The government likes to give the impression that it’s on the side of the students when it comes to the matter of mediocre universities doling out poor-quality degrees that don’t advance career prospects. A few years ago the government started demanding that university departments display the statistics on graduate employment from each degree in that department, even though no such stats exist in most cases. And now it has created the ‘Office for Students’, which is supposed to help students get a better deal from universities. Its website says it wants to ensure that ‘students have access to high quality teaching and learning – whatever, wherever and however they are studying’, and that ‘students’ interests are protected, and that they receive value for money’.

Nobody seems to have noted that the government acting as though it is the students’ champion is hypocrisy of the first order. Why? Because it is government policies that lie behind most of the problems with the universities. Let me list some of the main issues:

1. It is the government demanding that 50 per cent of all young people go to university.

2. The government is one of the main drivers (although university administrators share some of the blame) of the drop in staff-student ratios, because it is not funding the huge increase in student places it has created. Many departments have seen student numbers double or triple in recent years, while staff numbers have stayed the same or increased only slightly.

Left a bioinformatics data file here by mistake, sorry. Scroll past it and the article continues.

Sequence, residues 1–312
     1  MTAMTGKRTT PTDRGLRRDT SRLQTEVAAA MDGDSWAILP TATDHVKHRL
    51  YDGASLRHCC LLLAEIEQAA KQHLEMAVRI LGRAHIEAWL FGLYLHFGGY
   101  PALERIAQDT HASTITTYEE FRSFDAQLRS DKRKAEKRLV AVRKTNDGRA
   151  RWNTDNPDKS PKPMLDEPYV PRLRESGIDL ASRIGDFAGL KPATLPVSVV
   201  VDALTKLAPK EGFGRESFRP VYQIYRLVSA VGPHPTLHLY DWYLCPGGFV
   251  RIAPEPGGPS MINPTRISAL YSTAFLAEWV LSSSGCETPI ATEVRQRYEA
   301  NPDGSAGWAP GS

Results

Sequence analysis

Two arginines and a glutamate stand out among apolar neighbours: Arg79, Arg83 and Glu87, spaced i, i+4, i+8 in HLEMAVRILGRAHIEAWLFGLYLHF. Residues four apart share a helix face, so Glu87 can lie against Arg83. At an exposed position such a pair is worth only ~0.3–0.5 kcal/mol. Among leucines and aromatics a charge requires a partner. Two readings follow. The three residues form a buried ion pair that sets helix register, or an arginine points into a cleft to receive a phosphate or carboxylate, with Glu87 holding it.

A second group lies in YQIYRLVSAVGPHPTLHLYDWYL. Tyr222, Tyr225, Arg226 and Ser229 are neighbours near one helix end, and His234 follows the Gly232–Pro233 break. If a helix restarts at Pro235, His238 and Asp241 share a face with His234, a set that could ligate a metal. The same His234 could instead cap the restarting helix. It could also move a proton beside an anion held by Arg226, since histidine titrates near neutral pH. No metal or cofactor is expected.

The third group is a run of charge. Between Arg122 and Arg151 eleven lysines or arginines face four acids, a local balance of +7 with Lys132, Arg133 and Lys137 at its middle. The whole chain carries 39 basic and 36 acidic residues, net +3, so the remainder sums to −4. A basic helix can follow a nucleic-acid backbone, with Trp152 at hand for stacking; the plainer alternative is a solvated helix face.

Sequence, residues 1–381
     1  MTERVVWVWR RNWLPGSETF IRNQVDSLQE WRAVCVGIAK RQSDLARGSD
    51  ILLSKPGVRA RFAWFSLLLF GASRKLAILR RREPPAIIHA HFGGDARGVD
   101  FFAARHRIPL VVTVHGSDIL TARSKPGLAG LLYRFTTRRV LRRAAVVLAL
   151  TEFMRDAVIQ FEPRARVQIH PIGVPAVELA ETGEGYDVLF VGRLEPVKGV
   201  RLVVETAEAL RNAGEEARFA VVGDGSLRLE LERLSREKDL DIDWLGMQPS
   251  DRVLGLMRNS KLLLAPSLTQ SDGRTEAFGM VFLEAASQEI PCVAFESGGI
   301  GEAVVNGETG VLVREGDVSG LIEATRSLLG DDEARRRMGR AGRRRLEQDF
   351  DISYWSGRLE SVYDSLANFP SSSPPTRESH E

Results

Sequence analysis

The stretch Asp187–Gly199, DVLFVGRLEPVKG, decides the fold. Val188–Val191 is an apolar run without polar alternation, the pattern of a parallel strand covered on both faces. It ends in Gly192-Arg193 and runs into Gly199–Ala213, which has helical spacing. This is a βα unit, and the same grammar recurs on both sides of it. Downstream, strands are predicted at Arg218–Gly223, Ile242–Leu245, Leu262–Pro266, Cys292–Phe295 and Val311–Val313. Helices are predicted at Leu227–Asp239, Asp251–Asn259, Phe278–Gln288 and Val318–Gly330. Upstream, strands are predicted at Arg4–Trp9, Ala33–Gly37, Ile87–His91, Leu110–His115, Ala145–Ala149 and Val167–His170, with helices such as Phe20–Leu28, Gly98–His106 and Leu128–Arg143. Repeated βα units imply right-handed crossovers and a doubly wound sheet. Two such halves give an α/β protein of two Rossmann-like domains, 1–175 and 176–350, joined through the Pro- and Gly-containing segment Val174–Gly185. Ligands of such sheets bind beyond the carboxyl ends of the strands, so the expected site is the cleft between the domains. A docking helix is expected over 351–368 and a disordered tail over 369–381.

3. It is the government giving money on credit to anyone who gets into a university, on extremely good terms.

4. It is the government making universities concentrate on research with its REFs (Research Excellence Frameworks) and RAEs (Research Assessment Exercises) and attached money, which means academics are judged more than ever by their research output, not their teaching.

5. At the same time it is the government that is pushing student evaluation of teaching as the sole measure of teaching quality, even though it is known that this has no bearing on the production of well-educated and employable graduates. (If anything, it leads to poorer results in those spheres, as lecturers spoon-feed their students and inflate their marks to get good evaluations.)

6. The government is happy to fund dozens of universities that it knows are third-rate, and which have poor-quality students who will not benefit from going there (or to any university).

7. It is the government that has capped fees at £9,000, which means a real market cannot be created.

So the government’s attempt to get down with the kids against the universities is like its criticising HMRC for taxing people. What is happening in the university sphere is the inevitable result of government policy. The government is not Robin Hood here. It is Prince John.